Joko Prianto is a farmer on some of the most contested land in Southeast Asia.
On a small plot in the Kendeng mountains of Central Java, Joko grows rice, corn, tobacco and vegetables, as well as organizing one of the most disruptive social and environmental justice campaigns in Indonesia. “For five years I’ve been organizing against mining and the construction of cement factories in my village,” explains Joko, “As a farmer I can’t live without the land and the water, it is the source of my livelihood.”
Since 2012, the Indonesian government has been determined to approve massive infrastructure projects across the country, including the PKMA cement factory just outside of Joko’s village. Local inhabitants are often evicted from the land. Profits rarely benefit the local community and are instead filtered back to businesspeople in Jakarta.
In Kendeng, locals decided to fight back. When their first protestations went unheard, organizers decided to take action: “We cemented our feet into the ground in front of the parliament building in Jakarta, to represent the shackles that will bind us if the construction of the cement factory goes ahead.”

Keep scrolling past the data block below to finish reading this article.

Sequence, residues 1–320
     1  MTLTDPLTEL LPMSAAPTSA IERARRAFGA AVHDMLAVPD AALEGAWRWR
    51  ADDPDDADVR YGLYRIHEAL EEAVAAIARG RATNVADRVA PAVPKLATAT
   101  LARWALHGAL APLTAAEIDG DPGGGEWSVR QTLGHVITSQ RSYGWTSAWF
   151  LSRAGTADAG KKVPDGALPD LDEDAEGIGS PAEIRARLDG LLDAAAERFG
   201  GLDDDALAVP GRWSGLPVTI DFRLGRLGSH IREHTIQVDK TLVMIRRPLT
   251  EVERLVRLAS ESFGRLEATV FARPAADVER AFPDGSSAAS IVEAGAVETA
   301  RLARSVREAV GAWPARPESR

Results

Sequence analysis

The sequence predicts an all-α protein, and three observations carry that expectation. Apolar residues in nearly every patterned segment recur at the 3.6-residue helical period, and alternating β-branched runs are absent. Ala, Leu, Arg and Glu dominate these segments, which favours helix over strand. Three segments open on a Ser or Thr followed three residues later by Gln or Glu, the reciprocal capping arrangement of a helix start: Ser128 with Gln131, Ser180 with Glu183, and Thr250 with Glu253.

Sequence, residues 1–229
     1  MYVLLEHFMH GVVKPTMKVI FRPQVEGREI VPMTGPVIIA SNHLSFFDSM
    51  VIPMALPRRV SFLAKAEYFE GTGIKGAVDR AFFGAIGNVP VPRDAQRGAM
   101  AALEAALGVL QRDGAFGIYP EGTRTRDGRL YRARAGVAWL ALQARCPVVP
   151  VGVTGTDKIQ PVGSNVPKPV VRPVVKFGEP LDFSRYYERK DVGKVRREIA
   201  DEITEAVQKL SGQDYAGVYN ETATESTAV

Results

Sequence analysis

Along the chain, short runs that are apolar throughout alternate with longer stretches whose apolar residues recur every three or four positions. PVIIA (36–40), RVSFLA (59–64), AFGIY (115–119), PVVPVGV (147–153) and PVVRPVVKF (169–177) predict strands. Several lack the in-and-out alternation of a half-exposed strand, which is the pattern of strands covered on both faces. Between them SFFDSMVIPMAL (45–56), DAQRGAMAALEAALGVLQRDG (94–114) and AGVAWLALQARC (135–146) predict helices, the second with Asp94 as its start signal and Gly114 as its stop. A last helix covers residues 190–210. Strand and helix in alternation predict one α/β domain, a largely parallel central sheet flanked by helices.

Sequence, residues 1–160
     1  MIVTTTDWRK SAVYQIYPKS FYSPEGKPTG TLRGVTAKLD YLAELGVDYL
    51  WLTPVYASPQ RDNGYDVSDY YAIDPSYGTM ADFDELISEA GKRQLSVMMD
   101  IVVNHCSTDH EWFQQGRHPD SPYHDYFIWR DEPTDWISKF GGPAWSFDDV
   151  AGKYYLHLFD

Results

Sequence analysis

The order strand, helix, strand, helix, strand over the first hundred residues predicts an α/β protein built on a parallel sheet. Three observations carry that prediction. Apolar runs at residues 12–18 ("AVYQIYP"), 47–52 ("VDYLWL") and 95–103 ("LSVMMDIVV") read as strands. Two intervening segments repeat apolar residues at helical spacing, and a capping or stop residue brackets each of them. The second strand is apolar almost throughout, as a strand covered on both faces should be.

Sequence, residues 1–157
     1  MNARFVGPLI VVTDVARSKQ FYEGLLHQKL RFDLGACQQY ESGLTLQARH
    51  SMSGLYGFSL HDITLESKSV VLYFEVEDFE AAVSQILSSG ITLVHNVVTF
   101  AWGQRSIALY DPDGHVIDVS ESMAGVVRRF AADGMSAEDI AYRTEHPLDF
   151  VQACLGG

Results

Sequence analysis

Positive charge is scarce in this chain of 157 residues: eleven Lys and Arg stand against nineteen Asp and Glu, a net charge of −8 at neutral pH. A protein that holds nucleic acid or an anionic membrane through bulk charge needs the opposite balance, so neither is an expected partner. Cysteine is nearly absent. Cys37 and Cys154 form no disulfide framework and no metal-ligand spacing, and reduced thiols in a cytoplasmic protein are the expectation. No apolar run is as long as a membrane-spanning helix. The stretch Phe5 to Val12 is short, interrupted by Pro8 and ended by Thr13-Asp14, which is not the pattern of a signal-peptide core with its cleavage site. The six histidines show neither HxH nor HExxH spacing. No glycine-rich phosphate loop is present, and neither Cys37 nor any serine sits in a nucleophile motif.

The fight against the PKMA cement factory is emblematic of activism in Indonesia. Oftentimes, the most radical voices are not activists in the inner-city, they are rural inhabitants standing up against projects threatening their livelihoods. “Farmers are the pillars of society,” asserts Joko, “people must listen up, without farmers the country will starve.”
Nevertheless, since the 1998 revolution an increasing number of urban anarchist groups have popped up around the country, organizing against neo-liberalism, fascism and ecological destruction. Anarchists run solidarity campaigns in support of agrarian struggles, leading to an interesting collaboration between urban anarchists, and farmers, fishermen and rural activists.
Despite the recent growth of political activism since the fall of one-party rule, the Kendeng Mountains have historically been one of the most politically active regions in all of Indonesia. Joko comes from the same village as the feminist and national hero, Kartini. In fact, organizers chose Kartini’s grave as the starting point for a 150 km long march against the cement factory. Kendeng is also home to the Samin people, an isolated tribe that abides by a strict ideology founded on anti-colonial principles, with a focus on social equity and environmental sustainability. “People here understand the importance of the environment,” Joko says, “it is our duty to maintain a clean and healthy ecosystem for the benefit of future generations.”
The next steps for the movement are unclear, but Joko’s commitment is steadfast: “We are not going to stop our struggle. We want to see a Kendeng without cement factories.” With anarchists and activists on their side, that vision may well become a reality.
— Louis Plottel, from Adbusters #131